The "Circle of Death"

Every year, serious injuries and deaths occur when operators let go of the steering wheel or outboard steering handle while the boat is moving. A phenomenon called steering torque forces the motor to slam left causing the boat to swerve sharply to the right, throwing the victim into the water. The boat continues to travel in a circle and returns to strike the victim in the water, inflicting massive propeller wounds. Thus the term “circle of death.”

Staying Safe
The way to avoid circle of death accidents is to avoid letting go of the steering wheel or handle until the boat ceases all forward motion. If you notice that it takes extra pressure on the steering wheel or handle, have your boat serviced immediately. On some smaller outboards, repair may be as simple as tightening a bolt. For outboards and inboard-outboard craft, corrective measures may involve resetting the boat’s trim tab, the small fin mounted on the anti-ventilation or cavitation plate just behind the prop.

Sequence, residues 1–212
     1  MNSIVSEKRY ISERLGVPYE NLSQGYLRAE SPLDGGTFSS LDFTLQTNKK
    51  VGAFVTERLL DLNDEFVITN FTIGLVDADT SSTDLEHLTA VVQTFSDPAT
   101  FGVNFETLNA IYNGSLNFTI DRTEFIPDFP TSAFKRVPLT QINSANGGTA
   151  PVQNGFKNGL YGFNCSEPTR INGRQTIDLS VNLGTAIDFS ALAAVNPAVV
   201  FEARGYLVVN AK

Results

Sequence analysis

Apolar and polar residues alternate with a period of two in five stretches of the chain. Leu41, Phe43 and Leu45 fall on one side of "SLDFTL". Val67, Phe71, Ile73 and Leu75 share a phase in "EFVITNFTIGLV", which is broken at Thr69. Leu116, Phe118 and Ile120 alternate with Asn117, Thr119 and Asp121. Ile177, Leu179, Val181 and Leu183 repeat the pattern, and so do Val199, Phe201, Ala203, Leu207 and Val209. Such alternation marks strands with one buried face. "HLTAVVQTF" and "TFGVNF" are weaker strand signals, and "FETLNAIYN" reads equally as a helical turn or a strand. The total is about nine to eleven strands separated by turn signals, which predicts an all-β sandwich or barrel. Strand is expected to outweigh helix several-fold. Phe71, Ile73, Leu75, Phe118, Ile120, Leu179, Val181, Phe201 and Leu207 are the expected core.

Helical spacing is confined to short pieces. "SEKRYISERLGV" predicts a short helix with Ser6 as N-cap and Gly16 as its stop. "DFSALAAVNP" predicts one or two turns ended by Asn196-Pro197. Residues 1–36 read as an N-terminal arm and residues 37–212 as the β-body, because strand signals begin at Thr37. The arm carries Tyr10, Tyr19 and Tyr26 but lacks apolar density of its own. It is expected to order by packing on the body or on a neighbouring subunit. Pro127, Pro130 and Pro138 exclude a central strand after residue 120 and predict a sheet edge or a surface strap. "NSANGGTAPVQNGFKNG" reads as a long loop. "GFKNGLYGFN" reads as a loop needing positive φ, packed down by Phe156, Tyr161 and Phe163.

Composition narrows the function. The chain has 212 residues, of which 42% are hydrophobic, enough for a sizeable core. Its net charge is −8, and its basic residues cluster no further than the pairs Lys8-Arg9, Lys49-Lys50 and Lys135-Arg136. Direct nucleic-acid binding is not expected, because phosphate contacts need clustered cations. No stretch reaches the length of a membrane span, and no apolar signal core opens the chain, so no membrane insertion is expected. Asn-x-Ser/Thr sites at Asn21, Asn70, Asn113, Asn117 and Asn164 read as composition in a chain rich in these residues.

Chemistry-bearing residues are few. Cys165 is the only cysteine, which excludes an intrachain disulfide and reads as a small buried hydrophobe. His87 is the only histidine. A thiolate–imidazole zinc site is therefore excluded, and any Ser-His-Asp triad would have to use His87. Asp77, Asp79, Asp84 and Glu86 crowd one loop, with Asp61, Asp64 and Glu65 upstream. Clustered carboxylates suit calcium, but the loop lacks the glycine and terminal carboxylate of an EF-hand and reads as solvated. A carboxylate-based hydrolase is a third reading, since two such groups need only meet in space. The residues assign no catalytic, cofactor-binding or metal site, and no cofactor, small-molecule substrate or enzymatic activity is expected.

Automatic Kill Switches
If the motor is equipped with an automatic kill switch, be sure to fasten the lanyard to your life jacket or some article of clothing such as a belt loop. If you do fall out of your boat, the lanyard, which is attached to the electrical system, disables the motor, keeping the boat from circling back to hit you. Be sure that clamp-on swivel seats are tightly secured and that seat backs are sturdy enough to withstand the shock of a victim being thrown against them.

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